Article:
Webb Foley « Bee bop baby » http://www.bopping.org/wp-content/uploads/2013/11/Webb-Foley-Bee-Bop-Baby.mp3download
Webb Foley « Little bitty mama » http://www.bopping.org/wp-content/uploads/2013/11/Webb-Foley-Little-Bitty-Mama.mp3download
Next artist must have been a local one, as his label: Royal 100, for COUSIN KEITH LOYD (sic). He cut « Dangerous crossing » (1955?) certainly having in mind Billy Strange’s « Diesel smoke » from a pair of years earlier. Cousin Keith Loyd « Dangerous crossing » http://www.bopping.org/wp-content/uploads/2013/11/Cousin-Keith-Loyd-Dangerous-Crossing-1955.mp3download
I return to MARVIN RAINWATER. I did celebrate his death last month with one of his most known tracks, « Mr. Blues« . Now I’ve chosen « So you think you’ve got troubles » (MGM 12420), cut a coupe of years later, and a fast good side of its own.
Marvin Rainwater « So you think you’ve got troubles » http://www.bopping.org/wp-content/uploads/2013/11/Marvin-Rainwater-So-You-Think-Youve-Got-Trouble.mp3download
BILL LOWE was from West Coast, and cut for the interesting small label Sundown. There he had at least two issues, the one here (# 117), « You set my heart on fire« , a very nice late ’50s hillbilly. Lowe had a duet with TOMMY GUESS, also on Sundown, « Foolish heart » (# 106 – I include it in the podcasts, having copied it from an old Tom Sims’ cassette).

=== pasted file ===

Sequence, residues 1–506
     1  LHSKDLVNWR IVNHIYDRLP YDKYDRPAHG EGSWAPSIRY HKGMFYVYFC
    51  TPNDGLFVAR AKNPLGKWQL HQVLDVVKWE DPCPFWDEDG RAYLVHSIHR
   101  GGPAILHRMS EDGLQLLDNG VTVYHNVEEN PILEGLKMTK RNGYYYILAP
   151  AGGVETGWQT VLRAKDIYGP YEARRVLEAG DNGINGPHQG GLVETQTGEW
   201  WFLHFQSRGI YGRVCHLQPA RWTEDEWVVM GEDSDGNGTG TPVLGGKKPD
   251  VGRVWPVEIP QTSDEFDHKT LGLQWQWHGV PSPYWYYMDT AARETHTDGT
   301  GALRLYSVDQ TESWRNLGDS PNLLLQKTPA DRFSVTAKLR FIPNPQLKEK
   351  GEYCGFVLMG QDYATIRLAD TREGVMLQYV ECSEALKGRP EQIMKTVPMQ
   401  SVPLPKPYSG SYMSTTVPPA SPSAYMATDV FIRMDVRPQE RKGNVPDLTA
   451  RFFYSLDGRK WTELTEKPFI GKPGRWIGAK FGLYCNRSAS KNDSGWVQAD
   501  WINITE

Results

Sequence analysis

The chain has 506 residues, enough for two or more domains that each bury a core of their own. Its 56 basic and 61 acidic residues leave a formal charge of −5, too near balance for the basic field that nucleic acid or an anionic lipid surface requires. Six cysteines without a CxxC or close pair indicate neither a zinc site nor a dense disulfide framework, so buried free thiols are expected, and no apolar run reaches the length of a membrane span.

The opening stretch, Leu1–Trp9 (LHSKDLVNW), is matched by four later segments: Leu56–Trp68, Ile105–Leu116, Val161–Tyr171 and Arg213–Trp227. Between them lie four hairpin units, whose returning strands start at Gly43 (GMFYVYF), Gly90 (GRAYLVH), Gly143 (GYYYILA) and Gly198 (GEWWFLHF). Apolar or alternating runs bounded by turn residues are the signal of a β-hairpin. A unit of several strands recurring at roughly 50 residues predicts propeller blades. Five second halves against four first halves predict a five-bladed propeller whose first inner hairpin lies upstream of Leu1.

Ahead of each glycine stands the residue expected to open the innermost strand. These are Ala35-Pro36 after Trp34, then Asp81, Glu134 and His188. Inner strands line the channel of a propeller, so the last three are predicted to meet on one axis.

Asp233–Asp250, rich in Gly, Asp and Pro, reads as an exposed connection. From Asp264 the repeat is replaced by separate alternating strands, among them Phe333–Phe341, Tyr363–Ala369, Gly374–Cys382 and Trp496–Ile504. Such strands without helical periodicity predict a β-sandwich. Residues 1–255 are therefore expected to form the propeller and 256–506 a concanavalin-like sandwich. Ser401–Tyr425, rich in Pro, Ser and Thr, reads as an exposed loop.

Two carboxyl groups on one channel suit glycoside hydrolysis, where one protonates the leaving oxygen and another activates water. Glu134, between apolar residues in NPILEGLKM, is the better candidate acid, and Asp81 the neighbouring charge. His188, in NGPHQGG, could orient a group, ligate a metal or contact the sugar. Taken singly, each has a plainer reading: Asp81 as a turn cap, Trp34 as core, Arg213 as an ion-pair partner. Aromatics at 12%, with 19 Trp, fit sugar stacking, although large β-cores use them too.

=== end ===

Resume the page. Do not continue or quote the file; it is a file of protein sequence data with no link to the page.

Bill Lowe « You set my heart on fire » http://www.bopping.org/wp-content/uploads/2013/11/sundown-117-Bill-Lowe-You-Set-My-Heart-On-Fire-1959.mp3download
Tommy Guess & Bill Lowe « Foolish heart » http://www.bopping.org/wp-content/uploads/2013/11/tommy-guess-foolish-heart3.mp3download
courtesy Udo Frank
inspired by John Burton
Finally a great R&B Rocker by FLASH TERRY, « She’s my baby » on the Southbay label (# 500), obviously a S.F. issue. Just take a look at the logo: Southbay must have been inspired by Starday (3 stars). Flash Terry « She’s my baby » http://www.bopping.org/wp-content/uploads/2013/11/southbay-500-Flash-Terry-Shes-My-Baby.mp3download
Enjoy the selections. Any comment or addition/correction welcome!
Hello folks. The link between the 8 songs this time would be either the BREWSTER Brothers, either the WEBSTER Bros, either Knoxville, TN, and would last from 1954 to 1962/63.